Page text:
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    • CommentRowNumber1.
    • CommentAuthorUrs
    • CommentTimeNov 25th 2012

    I have split off a brief entry Zuckerman induction from cohomological induction (since the basic version is not necessarily derived).

    • CommentRowNumber2.
    • CommentAuthorzskoda
    • CommentTimeNov 25th 2012
    • (edited Nov 25th 2012)

    This is not appropriate in my opinion. Most often by "Zuckerman functor" one means the derived version, so one expects to have the entry Zuckerman functor to be what is this by the default. I think separating the two small and naturally almost equivalent entries is not beneficial. Better to have one more comprehensive entry with redirect, I think. Though I do not feel particularly strong about it.

    • CommentRowNumber3.
    • CommentAuthorUrs
    • CommentTimeNov 25th 2012

    It would help me if you give pointers to the literature that you are thinking of. What I put into “Zuckerman induction” is exactly what that article says which you pointed to last time and which is pointed to in the entry.

    • CommentRowNumber4.
    • CommentAuthorzskoda
    • CommentTimeNov 25th 2012
    • (edited Nov 25th 2012)

    I do not know the literature in this area, except those I mentioned in the entry. Almost all I heard about this is from many seminars I attended in representation theory and some discussions. I pointed to you a modern article clearing out the issue about derived and sheaf theoretic origin of the math behind Zuckerman functors, what you asked. This is not the most mainstream, traditional article explaining conventional wisdom and terminology, but rather an attempt to modernize the subject in the sheaf theoretic, geometric and categorical direction you probably like. Though this is far not the main issue in this area.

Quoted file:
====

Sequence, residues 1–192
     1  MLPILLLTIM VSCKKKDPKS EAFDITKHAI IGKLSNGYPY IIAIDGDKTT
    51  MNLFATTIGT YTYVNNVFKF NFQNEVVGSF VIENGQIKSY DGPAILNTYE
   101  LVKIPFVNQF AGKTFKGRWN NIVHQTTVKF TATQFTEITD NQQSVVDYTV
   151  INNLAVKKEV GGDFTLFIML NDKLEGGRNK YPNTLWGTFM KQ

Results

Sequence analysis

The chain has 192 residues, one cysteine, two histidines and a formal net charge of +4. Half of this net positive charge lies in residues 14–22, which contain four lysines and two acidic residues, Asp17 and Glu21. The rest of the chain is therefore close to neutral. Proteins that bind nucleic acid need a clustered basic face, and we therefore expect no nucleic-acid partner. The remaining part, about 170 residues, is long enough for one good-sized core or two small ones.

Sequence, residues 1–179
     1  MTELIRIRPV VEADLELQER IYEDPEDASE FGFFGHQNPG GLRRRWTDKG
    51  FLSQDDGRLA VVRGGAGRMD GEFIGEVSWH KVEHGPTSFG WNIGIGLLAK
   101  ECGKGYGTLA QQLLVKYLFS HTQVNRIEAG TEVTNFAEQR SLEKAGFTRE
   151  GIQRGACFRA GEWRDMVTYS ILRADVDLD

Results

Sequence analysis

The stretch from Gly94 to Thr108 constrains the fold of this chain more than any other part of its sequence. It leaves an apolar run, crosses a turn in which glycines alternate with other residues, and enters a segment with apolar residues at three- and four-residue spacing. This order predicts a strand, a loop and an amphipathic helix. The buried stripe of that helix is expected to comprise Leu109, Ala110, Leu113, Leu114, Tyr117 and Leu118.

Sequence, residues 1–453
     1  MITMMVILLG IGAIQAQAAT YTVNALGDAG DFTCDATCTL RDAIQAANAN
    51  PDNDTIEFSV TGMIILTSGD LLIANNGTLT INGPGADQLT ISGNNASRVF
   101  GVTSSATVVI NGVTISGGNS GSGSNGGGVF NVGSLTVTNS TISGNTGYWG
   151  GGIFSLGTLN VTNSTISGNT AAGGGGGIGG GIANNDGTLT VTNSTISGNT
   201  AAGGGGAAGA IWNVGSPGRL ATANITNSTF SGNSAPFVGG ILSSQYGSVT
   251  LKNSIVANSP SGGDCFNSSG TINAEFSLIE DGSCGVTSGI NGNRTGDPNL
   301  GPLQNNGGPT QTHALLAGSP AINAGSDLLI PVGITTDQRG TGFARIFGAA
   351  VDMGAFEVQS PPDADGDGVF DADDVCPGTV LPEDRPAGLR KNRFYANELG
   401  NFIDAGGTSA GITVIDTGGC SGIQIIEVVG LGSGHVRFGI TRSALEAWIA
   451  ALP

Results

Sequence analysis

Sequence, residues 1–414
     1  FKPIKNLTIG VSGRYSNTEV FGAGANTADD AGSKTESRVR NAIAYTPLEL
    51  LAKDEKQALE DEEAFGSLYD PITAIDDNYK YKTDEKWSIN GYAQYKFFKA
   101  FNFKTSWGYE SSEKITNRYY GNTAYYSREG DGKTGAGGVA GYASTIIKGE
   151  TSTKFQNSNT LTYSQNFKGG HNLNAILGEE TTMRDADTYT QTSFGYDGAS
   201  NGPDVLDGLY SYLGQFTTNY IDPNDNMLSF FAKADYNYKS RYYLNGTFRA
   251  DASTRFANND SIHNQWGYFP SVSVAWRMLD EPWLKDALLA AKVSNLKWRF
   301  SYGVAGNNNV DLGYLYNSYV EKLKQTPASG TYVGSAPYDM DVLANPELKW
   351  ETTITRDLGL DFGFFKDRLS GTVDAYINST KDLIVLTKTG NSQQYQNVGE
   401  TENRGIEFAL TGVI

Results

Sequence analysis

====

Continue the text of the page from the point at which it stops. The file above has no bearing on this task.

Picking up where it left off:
There will be a representation theory conference in Dubrovnik next June, where main focus is precisely about this issues, if you are interested. Vogan, Pandžić, MIličić, Vilonen, Mirković will be among the speakers for sure, and in past they were sometimes inviting Zuckerman as well.

    • CommentRowNumber5.
    • CommentAuthorUrs
    • CommentTimeNov 26th 2012

    Okay, so I don’t know what you did in the seminar, but what I see is an article that defines Zuckerman induction the way I did in the entry and which does not mention the term “cohomological induction”. So it would seem inappropriate to have this definition only at “cohomological induction”.

    But even if it were otherwise, I don’t think there is any harm done in having an entry with the specific title “Zuckerman induction”.

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